Tahsis resident Lynda Llewellyn suffered burns to 80 per cent of her body in 1983 and now speaks in support of the B.C. Professional Firefighters Burn Fund and Hometown Heroes Lottery. Photo submitted

Island burn survivor tells her story in support of B.C. Burn Fund

She and her infant son survived devastating fire

Thirty-six years ago, 80 per cent of Lynda Llewellyn’s body was burned in a devastating fire that nearly took her life and the life of her then-four-year-old son.

“I woke up to find my son sitting in the middle of my living room totally surrounded by flames,” Llewellyn said of that morning, Feb. 4, 1983.

Somebody had left matches in her Edmonton home and her son found them. The matches weren’t Llewellyn’s, she doesn’t smoke.

“The firemen figure that from the time he dropped the first match to the time I found him totally engulfed in flames was probably under five minutes,” Llewellyn said.

Her son, Adam, was unresponsive to her calls.

“So I ran through the flames, picked him up and tucked him under my arm,” Llewellyn said.

They lived on the third floor of an apartment building with no balcony and no elevator. She made her way to her bedroom, went to the window and opened it up. She saw her neighbours down below and they told her they had already called the fire department and she could actually hear the sirens coming.

“But my hands were burnt so bad I couldn’t hold onto Adam any longer and I dropped him down three stories to a neighbour,” Llewellyn said. “It was probably the scariest part of the whole thing for me.”

The neighbour caught him and put her son in a bathtub full of cool water which stopped the burning process – consequently, his burns never went as deep as they would on his mother. Adam was burned to 40 per cent of his body and spent two months in hospital and had two surgeries. He wound up only ever getting grafts on his hands, the rest healed on its own, leaving some scarring on his hands and back.

“But he’s now 41-years-old, lives in Sicamous (B.C.) and is a vibrant, healthy human being that I am so happy is still here,” Llewellyn said.

Llewellyn suffered burns to 80 per cent of her body with 40 per cent of the burn going to full thickness of her skin. She would spend eight months in hospital, two years doing physiotherapy and had her last surgery 13 years later.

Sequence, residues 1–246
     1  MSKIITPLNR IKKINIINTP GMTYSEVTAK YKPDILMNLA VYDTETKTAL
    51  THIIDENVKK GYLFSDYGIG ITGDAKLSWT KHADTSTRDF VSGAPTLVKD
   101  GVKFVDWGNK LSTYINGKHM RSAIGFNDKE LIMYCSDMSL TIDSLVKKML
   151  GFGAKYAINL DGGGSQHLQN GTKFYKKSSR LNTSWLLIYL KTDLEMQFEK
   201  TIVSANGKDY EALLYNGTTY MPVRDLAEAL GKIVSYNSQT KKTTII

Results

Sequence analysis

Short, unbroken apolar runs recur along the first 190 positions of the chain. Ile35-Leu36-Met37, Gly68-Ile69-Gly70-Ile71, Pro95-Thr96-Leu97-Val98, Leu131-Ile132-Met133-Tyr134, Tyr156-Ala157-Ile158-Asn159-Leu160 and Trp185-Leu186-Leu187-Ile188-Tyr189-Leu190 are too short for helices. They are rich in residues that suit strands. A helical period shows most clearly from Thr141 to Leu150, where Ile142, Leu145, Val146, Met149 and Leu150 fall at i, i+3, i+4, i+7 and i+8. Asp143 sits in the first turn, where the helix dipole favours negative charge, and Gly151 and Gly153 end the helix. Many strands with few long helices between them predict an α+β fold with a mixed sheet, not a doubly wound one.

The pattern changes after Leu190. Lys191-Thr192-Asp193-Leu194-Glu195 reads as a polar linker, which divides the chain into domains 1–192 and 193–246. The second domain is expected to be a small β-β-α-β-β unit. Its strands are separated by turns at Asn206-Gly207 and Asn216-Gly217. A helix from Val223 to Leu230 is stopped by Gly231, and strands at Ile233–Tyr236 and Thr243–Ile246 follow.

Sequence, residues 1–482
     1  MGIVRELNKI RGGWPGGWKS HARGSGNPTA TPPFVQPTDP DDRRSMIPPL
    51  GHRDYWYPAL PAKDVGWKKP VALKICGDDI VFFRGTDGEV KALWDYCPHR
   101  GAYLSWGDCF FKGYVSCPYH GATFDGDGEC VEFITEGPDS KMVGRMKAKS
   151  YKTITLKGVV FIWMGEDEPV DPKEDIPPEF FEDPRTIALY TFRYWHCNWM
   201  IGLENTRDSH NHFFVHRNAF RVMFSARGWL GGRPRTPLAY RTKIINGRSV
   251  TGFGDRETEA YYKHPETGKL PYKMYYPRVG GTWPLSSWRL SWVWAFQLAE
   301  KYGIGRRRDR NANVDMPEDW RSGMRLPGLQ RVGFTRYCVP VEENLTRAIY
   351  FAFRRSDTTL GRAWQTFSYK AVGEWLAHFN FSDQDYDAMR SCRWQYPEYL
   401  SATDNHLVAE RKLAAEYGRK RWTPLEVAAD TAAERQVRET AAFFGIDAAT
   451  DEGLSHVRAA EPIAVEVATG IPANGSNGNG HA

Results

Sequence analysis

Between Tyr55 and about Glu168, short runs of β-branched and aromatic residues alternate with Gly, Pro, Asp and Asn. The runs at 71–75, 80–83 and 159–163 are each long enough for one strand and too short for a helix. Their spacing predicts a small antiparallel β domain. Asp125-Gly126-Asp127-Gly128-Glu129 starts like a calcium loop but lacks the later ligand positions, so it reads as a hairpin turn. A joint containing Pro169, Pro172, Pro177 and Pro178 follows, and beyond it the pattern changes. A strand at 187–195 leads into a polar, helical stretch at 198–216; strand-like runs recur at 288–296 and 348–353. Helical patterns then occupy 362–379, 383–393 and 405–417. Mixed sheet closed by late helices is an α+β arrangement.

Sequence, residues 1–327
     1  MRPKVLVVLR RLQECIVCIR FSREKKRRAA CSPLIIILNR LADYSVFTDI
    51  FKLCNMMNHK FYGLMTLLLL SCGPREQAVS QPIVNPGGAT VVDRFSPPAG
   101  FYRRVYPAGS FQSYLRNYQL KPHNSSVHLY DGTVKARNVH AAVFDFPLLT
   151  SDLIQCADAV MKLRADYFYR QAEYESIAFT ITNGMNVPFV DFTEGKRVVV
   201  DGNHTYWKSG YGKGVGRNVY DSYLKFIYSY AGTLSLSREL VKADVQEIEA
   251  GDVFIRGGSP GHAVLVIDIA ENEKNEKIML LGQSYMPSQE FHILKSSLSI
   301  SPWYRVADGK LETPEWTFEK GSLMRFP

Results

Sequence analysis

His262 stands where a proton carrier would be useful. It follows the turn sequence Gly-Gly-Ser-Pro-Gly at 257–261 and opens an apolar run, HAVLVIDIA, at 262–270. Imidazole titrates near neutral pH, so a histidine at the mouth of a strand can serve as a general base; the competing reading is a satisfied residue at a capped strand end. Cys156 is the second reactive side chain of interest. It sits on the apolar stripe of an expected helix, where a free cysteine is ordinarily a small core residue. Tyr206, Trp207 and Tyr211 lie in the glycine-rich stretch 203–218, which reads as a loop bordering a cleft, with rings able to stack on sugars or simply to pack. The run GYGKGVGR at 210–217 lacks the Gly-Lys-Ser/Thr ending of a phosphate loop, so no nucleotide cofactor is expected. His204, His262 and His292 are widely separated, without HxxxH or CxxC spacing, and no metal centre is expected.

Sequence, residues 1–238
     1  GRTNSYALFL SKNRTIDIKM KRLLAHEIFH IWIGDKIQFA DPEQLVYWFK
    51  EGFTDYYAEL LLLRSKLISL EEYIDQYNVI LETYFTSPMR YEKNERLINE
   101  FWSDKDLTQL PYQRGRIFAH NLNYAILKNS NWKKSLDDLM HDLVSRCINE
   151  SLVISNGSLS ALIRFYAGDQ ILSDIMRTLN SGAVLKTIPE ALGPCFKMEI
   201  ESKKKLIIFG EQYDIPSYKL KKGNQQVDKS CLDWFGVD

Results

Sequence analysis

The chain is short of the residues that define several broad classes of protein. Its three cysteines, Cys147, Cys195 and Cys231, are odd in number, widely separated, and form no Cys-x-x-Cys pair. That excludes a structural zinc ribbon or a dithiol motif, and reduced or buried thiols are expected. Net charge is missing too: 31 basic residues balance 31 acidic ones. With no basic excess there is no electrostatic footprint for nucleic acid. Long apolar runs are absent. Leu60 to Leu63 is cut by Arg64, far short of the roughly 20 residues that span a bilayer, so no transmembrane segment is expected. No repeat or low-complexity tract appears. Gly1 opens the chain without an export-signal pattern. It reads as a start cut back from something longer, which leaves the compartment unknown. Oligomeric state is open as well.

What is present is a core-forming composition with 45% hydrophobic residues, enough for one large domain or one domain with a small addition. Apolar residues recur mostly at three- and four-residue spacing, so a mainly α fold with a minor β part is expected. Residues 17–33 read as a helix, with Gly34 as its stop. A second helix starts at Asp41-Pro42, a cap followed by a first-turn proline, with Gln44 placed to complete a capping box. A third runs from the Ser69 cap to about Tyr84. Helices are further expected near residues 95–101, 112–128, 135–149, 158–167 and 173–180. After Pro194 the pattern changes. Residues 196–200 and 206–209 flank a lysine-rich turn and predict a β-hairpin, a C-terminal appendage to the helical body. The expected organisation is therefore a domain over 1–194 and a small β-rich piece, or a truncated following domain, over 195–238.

Llewellyn lives in Tahsis now. In fact, she was elected to Tahsis village council last fall. That fateful day in 1983 is still vivid in her mind but she shares her story whenever she can. Llewellyn began teaching burn prevention in schools 15 years after her accident.

And she supports the B.C. Professional Firefighters Burn Fund and its fundraising Hometown Heroes Lottery. Hometown Heroes Lottery ticket purchases raise funds for specialized adult health services and research for all British Columbians. Funds drive innovation and sustainable health care at VGH, UBC Hospital, GF Strong Rehab Centre, Vancouver Coastal Health Research Institute and Vancouver Community Health Services. Funds also support Burn Fund programs including the annual Burn Camp for young burn survivors.

The Burn Fund, particularly with the opening of the Burn Fund Centre in Vancouver, provides an opportunity for families to receive support and to find each other. Llewellyn stresses that it’s important for burn survivors and their families to talk to people who have gone through the same experience.

“It’s particularly important for the survivors and their families to have support,” Llewellyn said, “particularly in the beginning during the traumatic events because it can be very isolating, I think, particularly for families if they don’t have somebody they can talk to about what’s going on with their loved one laying in a hospital bed.”

For more information about the fund and to buy Hometown Heroes Lottery tickets, visit www.heroeslottery.com.

Just Posted

B.C. salmon farm inspection deal reached with Indigenous people

Monitoring to determine if any Broughton region farms stay open

Compromise found on grocery store size in south Campbell River subdivision

Approved increase less than developer wanted, but will still allow for some flexibility

City of Campbell River looks to improve environmental protection during development

Changes to mapping environmentally sensitive areas and how permitting process works is under review

Dippity doo-dah; Campbell River Rotary Duck Dip winners scooped up

Fundraiser for Head Injury Support Society’s Linda’s Place

VIDEO: B.C.’s famous cat Grandpa Mason has died

The story of the feral cat that started fostering kittens touched people around the world

Trudeau seeks meeting with Singh to apologize for blackface, brownface photos

‘I will be apologizing to him personally as a racialized Canadian,’ Trudeau said Friday

Charges stayed against Alberta RCMP officer in alleged off-duty Whistler assault

Const. Vernon Hagen instead completed an alternative measures program

VIDEO: Fire destroys Williams Lake strip club targeted by past arson attempts

Diamonds and Dust Entertainment Lounge destroyed by fire, crews on scene

Second bat found at Greater Victoria elementary school tests positive for rabies

Island Health confirms second rabies case, this time in Saanich

B.C. man guilty of first-degree murder in Yukon killing

Edward James Penner, 22, was given the mandatory life sentence for the 2017 slaying of 25-year-old Adam Cormack

Woman stabbed at least five times in Nelson during random attack

Victim is in hospital, suspect is in police custody

Victoria man spots online photo of his totem pole 11 years after it was stolen

Mark Trueman restored the pole himself before it was stolen off of his property in Duncan

‘I’d do it again,’ says B.C. man who swam naked, drunk in Toronto shark tank

David Weaver, of Nelson, was drunk when he went to Ripley’s Aquarium in Toronto on Oct. 12 2018

Most Read